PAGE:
1. In an instrument for the extraction of kidney stones having a base, a flexible tube attached to the base, a single flexible wire extending through the tube, and means at the base for moving the wire endwise in both directions, the improvement in a tip assembly in combination therewith comprising a head mounted on an end of the tube remote from the base, a tip mounted on the outer end of said head and defining therein a first chamber adjacent said head and a second chamber at the endmost portion of the tip, said tip being formed from an integral piece of resilient metal such as beryllium copper and subdivided into a plurality of jaws by cuts extending inwardly from the endmost portion of the tip into the first chamber so that jaws can be sprung apart and will resiliently return to their closed position, internal projections on said jaws extending inwardly between the first and second chambers which are provided with a cam surface partly defining the first chamber, and means on the end of said wire posi tioned in the first chamber for contacting the cam surface on moving the wire toward the tip and spring the jaws apart by cam action.
2. The instrument of claim 1, in which the wire is moved endwise in a direction away from the tip and toward the base by a spring.
3. The instrument of claim 1, in which the tube is mounted in one end of a passage through the base and the Wire extends into the passage.
4. The instrument of claim 3, in which the means for moving the wire to force the jaws apart includes a plate lying at the side of the base remote from the tube and attached to the wire.
5. The instrument of claim 4, in which a sleeve is mounted in the other end of the passage, a collar is mounted on the wire and is movable in the sleeve, and the plate is attached to the collar.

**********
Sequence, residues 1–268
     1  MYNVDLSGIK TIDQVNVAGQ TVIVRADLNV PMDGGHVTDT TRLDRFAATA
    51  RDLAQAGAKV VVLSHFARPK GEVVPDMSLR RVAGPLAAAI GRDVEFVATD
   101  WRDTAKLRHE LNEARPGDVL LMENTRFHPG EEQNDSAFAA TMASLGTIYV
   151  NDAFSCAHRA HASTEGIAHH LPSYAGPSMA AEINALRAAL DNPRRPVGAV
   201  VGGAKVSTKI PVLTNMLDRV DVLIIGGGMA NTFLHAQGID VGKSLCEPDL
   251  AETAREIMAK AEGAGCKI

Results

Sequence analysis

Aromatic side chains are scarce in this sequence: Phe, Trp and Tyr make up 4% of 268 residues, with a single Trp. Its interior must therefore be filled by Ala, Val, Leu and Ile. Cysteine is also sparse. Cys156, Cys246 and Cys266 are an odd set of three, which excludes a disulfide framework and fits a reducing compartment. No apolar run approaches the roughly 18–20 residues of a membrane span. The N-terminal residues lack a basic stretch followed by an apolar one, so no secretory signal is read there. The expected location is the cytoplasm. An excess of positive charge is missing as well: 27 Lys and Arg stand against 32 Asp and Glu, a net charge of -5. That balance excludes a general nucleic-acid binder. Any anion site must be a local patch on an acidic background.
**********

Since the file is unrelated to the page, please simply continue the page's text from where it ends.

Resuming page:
6. The instrument of claim 5, in which a gasket is mounted at the inner end of the sleeve and is compressi ble by the sleeve.
7. The instrument of claim 4, in which a rod attached to the plate is movable in a bore in the base parallel to the passage.
8. The instrument of claim 7, in which a spring encircling the rod bears against the base and the plate to urge them apart.
9. The instrument of claim 7, in which means are provided for holding the rod against movement by the spring.
10. The instrument of claim 3, in which means are provided for introducing a liquid into the passage and tube for discharge at the tip.
11. The instrument of claim 1, which includes means for relieving stress on the tube where it is attached to the base.
References Cited UNITED STATES PATENTS 327,394 9/1885 Hemsley 128-354 1,127,948 2/1915 Wappler 128311 X 1,627,941 5/1927 Wappler 1287 2,113,246 4/1938 Wappler 128--321 3,074,408 1/1963 Chester 128328 3,187,751 6/1965 Coren et al 128330 RICHARD A. GAUDET, Primary Examiner.
G. E. MCNEILL, Assistant Examiner.